Cricket's governing body began its annual conference on Sunday with all eyes on controversial proposals to scrap its rotating presidency and bar non-Test playing nations from the next World Cup.
The International Cricket Council (ICC) kicked off four days of meetings between the chief executives' committee and executive board, followed by a full council meeting on June 30, at a glitzy hotel in downtown Hong Kong.
The conference will consider moves, reportedly spearheaded by India and England, to scrap the two-year rotational presidency, although details of any new system remain unclear.
The proposal is expected to be met with vehement opposition from Pakistan and Bangladesh, who are scheduled to nominate the body's next-but-one leader to take power from 2014.
Pakistan Cricket Board (PCB) chairman Ijaz Butt told reporters before leaving for Hong Kong: "It's Pakistan's turn to nominate the president or the vice-president so we will not allow anyone to snatch that right."
"We have already shown our reservations on both the amendments and since the matter will be discussed at the meeting I am not going to make it more public."
The ICC will also review its unpopular decision to limit the 2015 World Cup, in Australia and New Zealand, to the 10 full-member teams - excluding countries such as Ireland, the Netherlands, Canada and Kenya.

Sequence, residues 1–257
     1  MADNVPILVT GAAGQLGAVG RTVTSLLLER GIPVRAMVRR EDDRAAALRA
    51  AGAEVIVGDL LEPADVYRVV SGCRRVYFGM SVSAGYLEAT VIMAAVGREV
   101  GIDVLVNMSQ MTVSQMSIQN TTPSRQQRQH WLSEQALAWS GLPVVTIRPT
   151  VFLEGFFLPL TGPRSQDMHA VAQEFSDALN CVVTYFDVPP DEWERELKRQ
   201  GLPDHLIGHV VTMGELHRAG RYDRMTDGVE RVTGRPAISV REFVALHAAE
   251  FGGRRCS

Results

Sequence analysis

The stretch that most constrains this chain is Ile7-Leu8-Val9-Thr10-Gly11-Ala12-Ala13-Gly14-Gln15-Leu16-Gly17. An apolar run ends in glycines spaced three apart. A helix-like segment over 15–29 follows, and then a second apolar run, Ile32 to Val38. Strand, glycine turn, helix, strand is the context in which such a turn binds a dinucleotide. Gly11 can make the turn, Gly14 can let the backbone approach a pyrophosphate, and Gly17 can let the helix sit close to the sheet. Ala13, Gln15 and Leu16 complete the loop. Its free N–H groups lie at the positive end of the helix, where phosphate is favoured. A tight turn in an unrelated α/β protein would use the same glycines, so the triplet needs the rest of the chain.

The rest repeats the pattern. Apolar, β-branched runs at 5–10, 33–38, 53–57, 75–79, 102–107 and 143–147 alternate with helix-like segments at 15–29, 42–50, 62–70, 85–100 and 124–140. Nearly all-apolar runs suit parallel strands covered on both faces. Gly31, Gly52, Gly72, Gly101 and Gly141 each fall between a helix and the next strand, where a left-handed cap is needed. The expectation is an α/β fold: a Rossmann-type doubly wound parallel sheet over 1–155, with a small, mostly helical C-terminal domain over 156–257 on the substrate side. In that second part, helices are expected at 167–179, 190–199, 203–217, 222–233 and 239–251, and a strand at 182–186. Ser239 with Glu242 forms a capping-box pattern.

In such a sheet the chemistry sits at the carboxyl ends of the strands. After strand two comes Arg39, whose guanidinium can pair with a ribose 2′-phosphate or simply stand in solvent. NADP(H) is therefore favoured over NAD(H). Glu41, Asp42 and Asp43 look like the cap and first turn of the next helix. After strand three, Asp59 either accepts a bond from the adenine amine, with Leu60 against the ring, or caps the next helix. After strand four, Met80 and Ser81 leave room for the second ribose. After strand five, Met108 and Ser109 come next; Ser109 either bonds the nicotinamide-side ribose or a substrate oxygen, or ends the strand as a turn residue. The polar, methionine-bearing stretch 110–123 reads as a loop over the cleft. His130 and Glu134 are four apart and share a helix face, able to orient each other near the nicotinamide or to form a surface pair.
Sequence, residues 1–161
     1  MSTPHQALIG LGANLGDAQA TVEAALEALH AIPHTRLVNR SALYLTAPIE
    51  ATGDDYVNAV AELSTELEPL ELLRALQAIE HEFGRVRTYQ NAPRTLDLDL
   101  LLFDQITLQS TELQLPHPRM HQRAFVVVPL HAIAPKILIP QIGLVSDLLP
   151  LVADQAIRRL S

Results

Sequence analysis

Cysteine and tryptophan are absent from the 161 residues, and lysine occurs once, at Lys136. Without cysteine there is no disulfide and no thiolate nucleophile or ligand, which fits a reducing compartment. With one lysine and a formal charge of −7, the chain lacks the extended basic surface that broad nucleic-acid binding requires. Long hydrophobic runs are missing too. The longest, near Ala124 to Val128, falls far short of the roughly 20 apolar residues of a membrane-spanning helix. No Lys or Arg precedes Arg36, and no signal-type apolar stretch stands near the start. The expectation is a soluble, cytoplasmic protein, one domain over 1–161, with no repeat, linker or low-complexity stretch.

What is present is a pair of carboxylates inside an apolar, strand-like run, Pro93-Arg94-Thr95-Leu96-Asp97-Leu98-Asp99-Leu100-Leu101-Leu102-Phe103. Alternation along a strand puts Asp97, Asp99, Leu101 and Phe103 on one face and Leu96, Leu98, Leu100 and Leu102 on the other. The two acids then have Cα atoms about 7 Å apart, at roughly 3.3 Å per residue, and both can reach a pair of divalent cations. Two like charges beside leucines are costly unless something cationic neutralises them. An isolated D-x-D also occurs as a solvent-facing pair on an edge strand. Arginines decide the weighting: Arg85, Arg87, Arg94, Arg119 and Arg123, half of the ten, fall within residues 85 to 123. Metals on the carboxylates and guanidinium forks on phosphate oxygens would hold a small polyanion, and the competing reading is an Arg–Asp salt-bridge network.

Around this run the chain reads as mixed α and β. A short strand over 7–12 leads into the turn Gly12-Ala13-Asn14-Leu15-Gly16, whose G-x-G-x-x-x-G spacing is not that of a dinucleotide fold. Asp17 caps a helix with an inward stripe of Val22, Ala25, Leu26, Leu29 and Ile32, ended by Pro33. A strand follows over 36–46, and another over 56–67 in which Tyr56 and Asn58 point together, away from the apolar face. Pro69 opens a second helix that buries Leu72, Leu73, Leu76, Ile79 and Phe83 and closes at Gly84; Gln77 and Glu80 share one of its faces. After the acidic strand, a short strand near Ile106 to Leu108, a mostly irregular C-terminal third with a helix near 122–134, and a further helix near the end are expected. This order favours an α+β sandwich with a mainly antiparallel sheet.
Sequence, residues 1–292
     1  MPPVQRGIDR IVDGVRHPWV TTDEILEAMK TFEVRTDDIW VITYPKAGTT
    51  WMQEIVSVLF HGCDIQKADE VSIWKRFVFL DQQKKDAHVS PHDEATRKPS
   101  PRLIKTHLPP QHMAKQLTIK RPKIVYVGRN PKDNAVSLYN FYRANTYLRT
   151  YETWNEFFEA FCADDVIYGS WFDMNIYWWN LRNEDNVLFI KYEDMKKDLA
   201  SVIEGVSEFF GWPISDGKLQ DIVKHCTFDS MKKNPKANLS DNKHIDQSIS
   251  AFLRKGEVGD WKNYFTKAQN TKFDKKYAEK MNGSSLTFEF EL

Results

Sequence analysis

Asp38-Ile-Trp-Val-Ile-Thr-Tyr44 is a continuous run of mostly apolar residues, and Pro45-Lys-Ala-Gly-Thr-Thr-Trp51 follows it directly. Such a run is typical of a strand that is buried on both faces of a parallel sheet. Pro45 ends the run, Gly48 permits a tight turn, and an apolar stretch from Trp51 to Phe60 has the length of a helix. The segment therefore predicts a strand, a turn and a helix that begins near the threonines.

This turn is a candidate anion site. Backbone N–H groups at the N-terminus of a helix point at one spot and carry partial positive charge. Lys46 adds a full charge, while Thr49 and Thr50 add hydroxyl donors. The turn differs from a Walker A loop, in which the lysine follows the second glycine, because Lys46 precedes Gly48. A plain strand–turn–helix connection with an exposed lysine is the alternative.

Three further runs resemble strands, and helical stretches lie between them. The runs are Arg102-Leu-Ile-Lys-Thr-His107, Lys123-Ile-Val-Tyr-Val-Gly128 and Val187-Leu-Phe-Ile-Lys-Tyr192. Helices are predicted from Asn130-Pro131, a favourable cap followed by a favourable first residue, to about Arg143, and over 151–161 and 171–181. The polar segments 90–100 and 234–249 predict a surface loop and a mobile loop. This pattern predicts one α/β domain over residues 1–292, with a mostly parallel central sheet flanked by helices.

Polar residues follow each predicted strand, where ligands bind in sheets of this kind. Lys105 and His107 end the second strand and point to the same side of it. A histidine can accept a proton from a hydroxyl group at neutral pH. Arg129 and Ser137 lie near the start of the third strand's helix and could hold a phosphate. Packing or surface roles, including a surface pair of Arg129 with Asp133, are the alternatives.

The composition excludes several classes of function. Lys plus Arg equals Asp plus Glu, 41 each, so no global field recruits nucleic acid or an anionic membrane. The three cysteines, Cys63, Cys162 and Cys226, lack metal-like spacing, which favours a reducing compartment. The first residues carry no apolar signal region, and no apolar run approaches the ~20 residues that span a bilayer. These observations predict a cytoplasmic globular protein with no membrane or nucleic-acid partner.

ICC president Sharad Pawar has asked his board to discuss the matter at the conference, with the governing body looking to avoid a repeat of the seven-week World Cup, deemed by some critics as unnecessarily lengthy.
Officials are believed to be in favour of retaining a 10-team limit but may consider a qualifying tournament that would give minor nations a chance of reaching the event.
Also on the agenda will be the issue of whether the ICC should adopt the controversial Decision Review System (DRS).
The ICC has announced its desire for the DRS, whereby teams will be allowed one incorrect referral per innings to the television umpire, to be used for all Tests, ODIs and International T20s.
Decisions would be checked using video, audio, ball-tracking and thermal-imaging technology in an innovation welcomed by most countries.
But powerful India, whose huge revenues give it a dominant position in the ICC, has never agreed to its use nor played a Test or one-day series when the DRS has been in operation.
The issue will be presented formally to the ICC's chief executives' committee.
"The suggestions were made following detailed technical analysis and supported by what the committee agreed was a successful application during the ICC Cricket World Cup 2011," the ICC said in a statement released ahead of the meeting.
The conference kicked off on Sunday with a low-key discussion on the ICC's rankings system, with the headline issues to be dealt with over the coming days.